Understanding the Four Main Parts of Your Garage Door Opener

In terms of managing your garage door system, there are plenty of simple lessons that can help you manage some of the most significant issues. Knowing the four basic components of the system and how they work is the first step to successful troubleshooting and repair when things don’t work quite right.


We’re going to start this discussion with the most dangerous part of the whole system. Garage door springs are powerful and typically very tightly coiled. This makes them a prime candidate for dismembering fingers. Now that we have the disclaimer out of the way let’s discuss the two types of garage door springs. Torsion can typically be found directly above the door and are usually attached perpendicular to the tracks. This is a new system that is easier for manufacturers to rate and warranty. Older doors still might use extension springs. These will usually be mounted parallel to the end of the track.

Regardless of your type of spring, you can do a visual inspection just by looking at the spring for signs of warping, rust, or aging. If you can’t tell how a spring is functioning just by looking, your best bet is to call a professional because as soon as you need to manually move a spring, the risk of injury is present.

Galvanized Aircraft Cable (GAC)

Galvanized Aircraft Cable sounds fancy, but it refers to the metal cable that attaches the door to the motor. Galvanized cables are the most common they also come in stainless steel varieties. In either case, inspecting for damage is easy. Make sure the door is closed, and then proceed to check the cable for fraying or wear. If you see signs of wear on your cable, it might be time for a new one. If the cable is completely ruined, the door won’t be able to go up or down, so it’s good to stay on top of regular cable checks.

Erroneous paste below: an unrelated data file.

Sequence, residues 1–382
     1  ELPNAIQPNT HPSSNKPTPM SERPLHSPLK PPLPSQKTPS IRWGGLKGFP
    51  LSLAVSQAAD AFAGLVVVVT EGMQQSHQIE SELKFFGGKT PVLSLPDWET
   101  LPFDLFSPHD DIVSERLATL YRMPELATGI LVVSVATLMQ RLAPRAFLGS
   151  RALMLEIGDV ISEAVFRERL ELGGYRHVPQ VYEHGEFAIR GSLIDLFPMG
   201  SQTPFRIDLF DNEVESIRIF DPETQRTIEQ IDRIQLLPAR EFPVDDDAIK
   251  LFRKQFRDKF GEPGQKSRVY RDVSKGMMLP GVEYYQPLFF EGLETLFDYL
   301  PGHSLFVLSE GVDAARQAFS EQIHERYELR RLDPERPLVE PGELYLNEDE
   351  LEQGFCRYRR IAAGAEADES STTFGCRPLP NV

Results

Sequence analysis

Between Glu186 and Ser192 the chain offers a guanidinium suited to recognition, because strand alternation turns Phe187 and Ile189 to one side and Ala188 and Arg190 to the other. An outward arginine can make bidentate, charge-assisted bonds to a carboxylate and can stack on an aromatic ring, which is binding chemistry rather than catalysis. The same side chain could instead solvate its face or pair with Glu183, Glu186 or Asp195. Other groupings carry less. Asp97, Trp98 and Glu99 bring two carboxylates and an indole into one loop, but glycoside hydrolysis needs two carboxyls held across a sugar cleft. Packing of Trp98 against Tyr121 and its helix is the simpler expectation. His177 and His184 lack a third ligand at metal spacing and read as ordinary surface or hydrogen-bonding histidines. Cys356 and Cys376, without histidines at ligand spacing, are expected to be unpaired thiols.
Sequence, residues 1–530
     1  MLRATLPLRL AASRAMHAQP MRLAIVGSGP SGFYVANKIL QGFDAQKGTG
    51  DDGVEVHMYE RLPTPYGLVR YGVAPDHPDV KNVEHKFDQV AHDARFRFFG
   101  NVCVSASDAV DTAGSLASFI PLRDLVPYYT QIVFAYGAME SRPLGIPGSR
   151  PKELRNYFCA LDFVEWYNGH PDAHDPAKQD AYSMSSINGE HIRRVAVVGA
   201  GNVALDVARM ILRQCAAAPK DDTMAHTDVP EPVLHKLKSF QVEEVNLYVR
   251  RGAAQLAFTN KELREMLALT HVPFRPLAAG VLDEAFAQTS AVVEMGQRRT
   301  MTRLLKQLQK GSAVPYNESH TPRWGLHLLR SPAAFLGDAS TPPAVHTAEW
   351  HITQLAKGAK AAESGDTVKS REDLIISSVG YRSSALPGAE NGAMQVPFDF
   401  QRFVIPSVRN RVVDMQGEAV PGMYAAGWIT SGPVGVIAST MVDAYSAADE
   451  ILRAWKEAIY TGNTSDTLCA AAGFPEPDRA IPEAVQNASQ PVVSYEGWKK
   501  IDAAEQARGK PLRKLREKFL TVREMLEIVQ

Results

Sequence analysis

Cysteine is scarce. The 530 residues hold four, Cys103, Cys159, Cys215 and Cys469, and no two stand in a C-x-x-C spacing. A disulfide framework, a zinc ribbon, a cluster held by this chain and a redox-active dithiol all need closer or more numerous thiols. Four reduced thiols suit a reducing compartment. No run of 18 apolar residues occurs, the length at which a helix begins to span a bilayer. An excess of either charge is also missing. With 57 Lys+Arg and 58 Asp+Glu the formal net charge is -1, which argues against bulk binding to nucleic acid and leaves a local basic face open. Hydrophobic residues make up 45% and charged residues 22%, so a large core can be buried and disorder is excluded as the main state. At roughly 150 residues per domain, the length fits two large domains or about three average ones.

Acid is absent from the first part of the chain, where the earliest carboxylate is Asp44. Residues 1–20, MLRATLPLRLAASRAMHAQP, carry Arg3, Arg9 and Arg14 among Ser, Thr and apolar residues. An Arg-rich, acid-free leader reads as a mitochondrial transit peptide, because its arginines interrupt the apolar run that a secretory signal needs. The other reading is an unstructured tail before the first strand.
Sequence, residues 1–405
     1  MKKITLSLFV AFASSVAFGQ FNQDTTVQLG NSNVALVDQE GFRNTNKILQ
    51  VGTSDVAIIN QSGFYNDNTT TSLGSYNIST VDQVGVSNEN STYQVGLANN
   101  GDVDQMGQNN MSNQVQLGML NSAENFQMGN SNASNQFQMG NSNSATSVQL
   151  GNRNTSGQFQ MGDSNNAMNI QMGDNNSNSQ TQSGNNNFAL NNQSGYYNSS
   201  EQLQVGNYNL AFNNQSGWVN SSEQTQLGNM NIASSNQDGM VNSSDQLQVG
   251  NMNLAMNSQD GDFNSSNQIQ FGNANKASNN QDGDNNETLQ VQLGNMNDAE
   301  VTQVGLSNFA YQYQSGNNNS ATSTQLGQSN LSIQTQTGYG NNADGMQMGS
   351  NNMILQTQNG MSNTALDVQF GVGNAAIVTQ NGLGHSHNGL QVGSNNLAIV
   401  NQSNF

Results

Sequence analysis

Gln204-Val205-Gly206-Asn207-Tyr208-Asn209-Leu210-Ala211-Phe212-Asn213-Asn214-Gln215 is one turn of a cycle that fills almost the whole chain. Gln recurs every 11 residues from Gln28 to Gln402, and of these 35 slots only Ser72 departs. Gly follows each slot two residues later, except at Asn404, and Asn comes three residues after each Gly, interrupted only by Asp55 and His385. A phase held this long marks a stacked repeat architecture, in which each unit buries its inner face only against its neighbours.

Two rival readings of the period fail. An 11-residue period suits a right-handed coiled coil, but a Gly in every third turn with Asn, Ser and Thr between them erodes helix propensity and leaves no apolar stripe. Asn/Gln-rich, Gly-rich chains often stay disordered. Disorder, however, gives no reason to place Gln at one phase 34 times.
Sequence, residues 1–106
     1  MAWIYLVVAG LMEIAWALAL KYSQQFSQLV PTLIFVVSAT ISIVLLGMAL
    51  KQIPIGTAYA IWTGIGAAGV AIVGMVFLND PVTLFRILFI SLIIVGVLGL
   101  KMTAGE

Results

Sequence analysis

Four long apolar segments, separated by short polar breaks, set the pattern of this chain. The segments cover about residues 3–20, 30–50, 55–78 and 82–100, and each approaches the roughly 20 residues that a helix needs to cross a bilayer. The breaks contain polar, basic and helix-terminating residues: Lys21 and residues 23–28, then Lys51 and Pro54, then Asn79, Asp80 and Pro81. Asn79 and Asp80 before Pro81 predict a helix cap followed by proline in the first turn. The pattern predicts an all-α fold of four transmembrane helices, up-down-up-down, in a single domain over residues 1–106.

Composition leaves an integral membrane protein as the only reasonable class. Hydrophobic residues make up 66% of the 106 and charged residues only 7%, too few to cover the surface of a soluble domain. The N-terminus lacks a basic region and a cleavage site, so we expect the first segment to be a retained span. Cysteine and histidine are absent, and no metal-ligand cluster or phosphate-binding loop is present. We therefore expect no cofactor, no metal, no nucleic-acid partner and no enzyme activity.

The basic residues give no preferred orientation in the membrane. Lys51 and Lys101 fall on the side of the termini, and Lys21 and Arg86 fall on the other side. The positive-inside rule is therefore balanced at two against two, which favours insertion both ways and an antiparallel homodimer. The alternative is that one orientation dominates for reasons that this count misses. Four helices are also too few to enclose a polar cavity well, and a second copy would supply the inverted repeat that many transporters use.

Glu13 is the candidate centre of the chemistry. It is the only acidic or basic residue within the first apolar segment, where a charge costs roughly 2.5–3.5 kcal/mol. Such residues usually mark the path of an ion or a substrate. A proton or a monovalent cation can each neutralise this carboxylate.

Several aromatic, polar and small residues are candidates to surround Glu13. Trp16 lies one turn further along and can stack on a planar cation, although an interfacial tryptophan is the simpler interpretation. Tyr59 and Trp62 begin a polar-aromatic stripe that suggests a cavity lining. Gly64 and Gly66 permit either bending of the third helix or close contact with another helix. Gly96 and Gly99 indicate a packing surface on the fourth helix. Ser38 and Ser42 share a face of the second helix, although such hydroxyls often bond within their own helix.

The most common problems with garage door systems can usually be found in the rollers and track. This is the part of the mechanism that keeps the door straight when it ascends or descends, and it is the most vulnerable to wear and damage. Checking the rollers is a simple task. With the door down, inspect them for signs of damage. Cracks, flat sides, or an inability to spin will contribute to a sticky door.

Checking the track is also relatively painless. First, look at any joints on the track. If there are any gaps or unevenness, it can be the source of a stubborn door. Beyond that (again with the door down), check the track for obstructions or objects (much like you would a gutter). You can also run your hands along the track to feel for noticeable bumps or dents. If any of these things are a problem, a track replacement is your best bet.

The Motor

Finally, we come to the motor. Motor repairs are incredibly complicated and beyond the scope of a quick how-to blog. If you find you need a new motor, getting a professional is the easiest and safest option. Before it comes to that, though, there is a safe way to identify if your motor is behind any door problems.

Start by getting the door completely closed. From there, switch the door to manual mode by pulling the red handle. Try manually raising and lowering the door a few times. If it moves smoothly and freely, then the problem is most likely in your sensors or motor.